"I remember when we pulled in for breakfast in Port Allegany and she came over to greet us. There was an immediate shift in energy. To this point, we were all silently asking what we’d gotten ourselves into. It had been two days and when we took our helmets off, I could see it on Greg’s face and in Mike’s blank stare. I could hear it in my team's whispering of doubts back in NH. Here’s what I learned most from traveling 10,000 miles into the American West over 37 days: I didn’t really know what I was doing."
10,000 miles, 15 States, 5 National Parks, 1200 gallons of fuel, 30 Quarts of oil, 3 sets of tires, 500 pints of beer, 3 busted rocker arms, 37 days.
Exploring the American West in Russian sidecars.
More than one fellow motorcyclist looked at us cross-eyed. Actually, they all did. We decided to take a couple oddities – two Ural sidecars – out of their crates and push them deep into the American West.
It’s a romantic notion we all dream of; loading up your steed with only the essentials and heading west for landscapes and run-ins with random saints and sinners. There’s something about self-inflicted struggle we’re used to here in the Northeast – so we forsook the comforts of traction control, heated grips, and cruise control. Instead, we opted for the next best thing to traveling via stagecoach: the utilitarian and free-spirited nature of the Russian sidecar. Blended with our own mixture of grit and simple ambition, we set out to chase the western sun for just over a month.
Enjoy these beautiful extras captured by contributing photographer Jenny Linquist as we made our way through Wyoming and Montana backcountry (on phone? Turn sideways for full effect).
"Broad, wholesome, charitable views of men and things can not be acquired by vegetating in one little corner of the earth all one's lifetime."
- Mark Twain
Enough Saturday-night bar hopping. It's time to let the motorcycle change you once again. Grab your copy of the book we put together documenting our trip and leave it where you can thumb through it every day - until you finally book your own. It's part Pirsig, part overland, part nuts.
We have a saying around here that pertains to Walt Siegl. It's WWWD, or "What would Walt do?" We use it a gauge of quality. A unit of measurement. It has yet to lead us astray. His keen eye for aesthetic beauty and relentless pursuit of quality is a principle most anyone in the creative world can commend. He's calculated, deliberate, and discerning with the platforms he chooses to work with. He's not one to hang it in the breeze or to throw a wrench on any-old-thing that rolls through his doors in Harrisville, New Hampshire. This time, he's set his sights on the 2015 MV Agusta Brutale 800. The Bol d'or, named after the French endurance race of the same name, is a perfect compliment to the bikes Walt has built thus far.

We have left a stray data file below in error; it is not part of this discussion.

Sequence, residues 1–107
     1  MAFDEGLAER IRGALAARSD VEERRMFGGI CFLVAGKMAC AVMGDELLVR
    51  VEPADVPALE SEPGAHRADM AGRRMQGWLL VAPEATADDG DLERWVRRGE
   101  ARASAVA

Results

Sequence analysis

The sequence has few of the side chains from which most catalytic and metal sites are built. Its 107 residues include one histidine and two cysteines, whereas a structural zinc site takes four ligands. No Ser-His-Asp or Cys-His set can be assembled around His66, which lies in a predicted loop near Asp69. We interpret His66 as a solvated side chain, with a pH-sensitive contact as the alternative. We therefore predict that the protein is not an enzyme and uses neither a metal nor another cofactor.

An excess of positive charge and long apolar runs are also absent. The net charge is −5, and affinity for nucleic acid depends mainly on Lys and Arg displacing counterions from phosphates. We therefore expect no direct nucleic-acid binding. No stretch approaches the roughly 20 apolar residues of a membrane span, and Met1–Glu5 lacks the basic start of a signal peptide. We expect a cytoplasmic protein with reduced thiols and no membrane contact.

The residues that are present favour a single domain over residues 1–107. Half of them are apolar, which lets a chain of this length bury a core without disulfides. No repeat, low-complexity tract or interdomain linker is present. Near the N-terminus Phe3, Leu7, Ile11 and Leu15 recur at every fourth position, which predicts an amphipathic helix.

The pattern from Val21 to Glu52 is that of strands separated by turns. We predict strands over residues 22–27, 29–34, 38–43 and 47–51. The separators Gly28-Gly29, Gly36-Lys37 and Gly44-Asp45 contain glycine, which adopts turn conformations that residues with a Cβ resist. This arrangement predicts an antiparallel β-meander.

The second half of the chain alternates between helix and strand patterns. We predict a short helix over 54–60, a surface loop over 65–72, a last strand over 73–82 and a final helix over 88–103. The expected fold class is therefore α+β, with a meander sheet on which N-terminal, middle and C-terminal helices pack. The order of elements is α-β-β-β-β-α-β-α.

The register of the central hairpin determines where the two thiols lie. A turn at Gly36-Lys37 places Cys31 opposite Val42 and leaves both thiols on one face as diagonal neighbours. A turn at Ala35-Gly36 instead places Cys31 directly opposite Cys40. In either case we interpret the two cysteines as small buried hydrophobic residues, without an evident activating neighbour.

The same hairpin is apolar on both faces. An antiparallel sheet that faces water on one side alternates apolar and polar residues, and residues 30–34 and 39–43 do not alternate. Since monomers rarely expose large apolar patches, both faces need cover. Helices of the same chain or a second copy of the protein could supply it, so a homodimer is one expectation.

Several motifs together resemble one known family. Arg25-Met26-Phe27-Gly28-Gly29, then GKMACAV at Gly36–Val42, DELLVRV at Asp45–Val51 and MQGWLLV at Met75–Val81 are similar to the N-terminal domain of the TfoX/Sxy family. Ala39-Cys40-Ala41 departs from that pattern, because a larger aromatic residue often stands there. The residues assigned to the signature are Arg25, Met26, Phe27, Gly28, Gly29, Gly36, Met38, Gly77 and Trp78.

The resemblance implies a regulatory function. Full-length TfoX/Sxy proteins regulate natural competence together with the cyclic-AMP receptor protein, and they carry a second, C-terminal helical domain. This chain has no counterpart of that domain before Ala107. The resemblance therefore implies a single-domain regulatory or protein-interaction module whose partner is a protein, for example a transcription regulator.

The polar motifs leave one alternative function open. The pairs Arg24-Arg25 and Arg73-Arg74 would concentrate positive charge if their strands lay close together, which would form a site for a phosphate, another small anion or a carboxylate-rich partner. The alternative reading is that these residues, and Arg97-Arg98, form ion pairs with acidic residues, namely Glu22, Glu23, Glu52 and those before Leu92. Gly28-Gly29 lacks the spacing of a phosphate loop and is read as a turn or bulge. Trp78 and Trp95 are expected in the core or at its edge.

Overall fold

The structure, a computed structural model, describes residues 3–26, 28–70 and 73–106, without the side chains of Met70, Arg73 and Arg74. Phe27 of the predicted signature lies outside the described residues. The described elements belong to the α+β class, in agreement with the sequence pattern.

This bike is rare, and MV's uncertain future has the potential to make it even more so, but Walt plans to keep building the Bol d'or as long as they keep rolling off the line in Italy. If you have the means, get in line. If you're one of the lucky few, hold on tight. Here's to hoping MV Agusta isn't relegated to the history books, even if just to see more of these beauties lighting up the streets and dominating the track.
In the following pages, Walt walks us through the build of the Bol d'or, from conception to completion, explained in detail in his own words...
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Hop in your time machine this weekend and point your rusty grills towards one of the most unique and exhilarating events in the continental USA, The Race Of Gentlemen. The event, more affectionately known as "TROG," is a three day beach race and festival that celebrates a time long past. A time when the laws were lax, gas was cheap, and a checkered flag or two on the beach was called Saturday.
If you have even a fleeting interest in American automotive and motorcycle history (if you're reading this we're sure you do), then TROG is the place to be.
The event used to land smack-dab in the middle of hurricane season so they've moved the event to June so the gambling can stay on the races and not on the weather.